Mind Map


A mind map is a diagram used for visually outlining information using connections and levels to generate ideas starting from a key word or a key idea.
In effect, a mind map is a diagram used to visually organize information.
A mind map is often created around a single concept, drawn as an image in the centre of a blank page, to which associated representations of ideas such as images, words and parts of words are added. Major ideas are connected directly to the central concept, and other ideas branch out from those.
Mind maps can be drawn by hand, either as “rough notes” during a lecture, meeting or planning session, for example, or as higher quality pictures when more time is available.


Mind map guidelines Tony Buzan, a psychologist and writer, suggests the following guidelines for creating mind maps:

  1. Start in the centre with an image of the topic, using at least 3 colours.
  2. Use images, symbols, codes, and dimensions throughout your mind map.
  3. Select key words and print using upper or lower case letters.
  4. Each word/image is best alone and sitting on its own line.
  5. The lines should be connected, starting from the central image. The lines become thinner as they radiate out from the centre.
  6. Make the lines the same length as the word/image they support.
  7. Use multiple colours throughout the mind map, for visual stimulation and also for encoding or grouping.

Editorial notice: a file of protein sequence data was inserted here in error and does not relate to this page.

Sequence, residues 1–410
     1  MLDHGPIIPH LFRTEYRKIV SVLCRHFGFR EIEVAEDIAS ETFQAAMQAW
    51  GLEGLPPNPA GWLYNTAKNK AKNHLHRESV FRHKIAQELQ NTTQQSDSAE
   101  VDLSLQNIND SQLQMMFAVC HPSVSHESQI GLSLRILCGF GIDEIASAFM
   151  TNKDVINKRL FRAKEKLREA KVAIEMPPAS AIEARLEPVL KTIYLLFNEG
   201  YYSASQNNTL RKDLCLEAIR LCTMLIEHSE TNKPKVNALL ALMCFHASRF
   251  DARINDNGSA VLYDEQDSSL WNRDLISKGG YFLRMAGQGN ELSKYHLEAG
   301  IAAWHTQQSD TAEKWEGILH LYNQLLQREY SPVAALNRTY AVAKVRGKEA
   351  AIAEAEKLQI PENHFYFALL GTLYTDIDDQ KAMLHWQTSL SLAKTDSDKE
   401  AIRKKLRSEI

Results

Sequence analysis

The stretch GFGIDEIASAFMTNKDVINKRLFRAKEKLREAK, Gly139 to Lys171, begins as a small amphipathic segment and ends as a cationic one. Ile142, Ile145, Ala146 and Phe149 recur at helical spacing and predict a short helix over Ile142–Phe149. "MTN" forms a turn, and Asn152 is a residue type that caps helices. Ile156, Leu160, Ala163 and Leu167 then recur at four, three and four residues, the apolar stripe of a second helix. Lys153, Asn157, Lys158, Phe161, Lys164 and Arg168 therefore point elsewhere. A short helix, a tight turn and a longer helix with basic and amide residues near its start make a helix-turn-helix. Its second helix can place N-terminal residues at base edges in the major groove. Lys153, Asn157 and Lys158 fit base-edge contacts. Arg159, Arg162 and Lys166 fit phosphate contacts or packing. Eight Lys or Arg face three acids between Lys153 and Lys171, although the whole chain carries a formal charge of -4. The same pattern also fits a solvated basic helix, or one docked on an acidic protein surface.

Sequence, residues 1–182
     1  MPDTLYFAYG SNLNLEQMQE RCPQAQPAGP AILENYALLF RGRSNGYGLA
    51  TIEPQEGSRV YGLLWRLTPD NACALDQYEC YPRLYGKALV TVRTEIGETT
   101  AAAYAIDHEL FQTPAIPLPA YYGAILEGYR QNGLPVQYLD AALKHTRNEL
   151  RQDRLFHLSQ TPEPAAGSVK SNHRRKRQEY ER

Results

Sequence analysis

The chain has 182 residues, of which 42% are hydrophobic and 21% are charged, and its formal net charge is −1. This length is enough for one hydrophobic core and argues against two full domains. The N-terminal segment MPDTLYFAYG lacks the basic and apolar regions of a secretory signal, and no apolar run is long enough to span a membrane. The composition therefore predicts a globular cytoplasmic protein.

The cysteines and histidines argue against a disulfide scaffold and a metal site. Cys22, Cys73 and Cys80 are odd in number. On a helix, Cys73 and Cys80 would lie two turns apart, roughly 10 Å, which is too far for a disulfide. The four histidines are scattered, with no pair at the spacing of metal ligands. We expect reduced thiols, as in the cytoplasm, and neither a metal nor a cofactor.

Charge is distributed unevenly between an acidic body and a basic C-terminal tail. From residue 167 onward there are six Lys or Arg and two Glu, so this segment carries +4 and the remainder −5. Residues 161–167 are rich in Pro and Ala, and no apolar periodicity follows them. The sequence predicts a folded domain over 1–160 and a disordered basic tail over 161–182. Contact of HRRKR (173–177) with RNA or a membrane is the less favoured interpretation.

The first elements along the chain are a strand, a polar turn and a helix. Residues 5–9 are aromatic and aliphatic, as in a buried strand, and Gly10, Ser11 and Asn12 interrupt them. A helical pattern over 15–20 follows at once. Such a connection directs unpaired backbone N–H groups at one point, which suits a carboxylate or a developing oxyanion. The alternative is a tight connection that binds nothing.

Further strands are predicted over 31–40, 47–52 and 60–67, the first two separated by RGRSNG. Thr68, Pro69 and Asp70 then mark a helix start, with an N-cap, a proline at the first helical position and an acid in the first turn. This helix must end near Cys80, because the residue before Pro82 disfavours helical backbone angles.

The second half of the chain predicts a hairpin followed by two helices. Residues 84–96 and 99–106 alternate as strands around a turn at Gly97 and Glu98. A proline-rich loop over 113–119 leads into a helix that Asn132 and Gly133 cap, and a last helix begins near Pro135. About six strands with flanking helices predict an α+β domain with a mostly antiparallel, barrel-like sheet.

8. Develop your own personal style of mind mapping.
  9. Use emphasis and show associations in your mind map.
  10. Keep the mind map clear by using radial hierarchy or outlines to embrace your branches.

Mind-mapping software can be used to organize large amounts of information, combining spatial organization, dynamic hierarchical structuring and node folding.
Software packages can extend the concept of mind-mapping by allowing individuals to map more than thoughts and ideas with information on their computers and the Internet, like spreadsheets, documents, Internet sites and images. It has been suggested that mind-mapping can improve learning/study efficiency up to 15% over conventional note-taking. A simple tool to create a mind map is Coggle: it is free and simple to use.
Website: https://coggle.it

  • It is better to start with a blank paper rather than with online tools
  • It is not requested to draw –it is up to the student to decide how to represent his/her own mind map.
  • The results are going to be shown in the class and discussed within peers in order to increase self-confidence and active participation.
  • Let’s try to use the mind mapping in the classroom on blank paper and then online thanks to the tool “Coogle” above mentioned
  • Take the right time to describe the 10 mind map guidelines in the class in order to increase the effective use of the tool

For example, it is possible to create a mind map about the skills necessary in the job market and highlight the ones each student has or would like to add to own personal portfolio.

Quote: Intellectual Output 3 / Peppino Franco / S. 29 ff

  • en/terms/mind_map.txt
  • Last modified: 2018/02/08 12:18
  • by peppino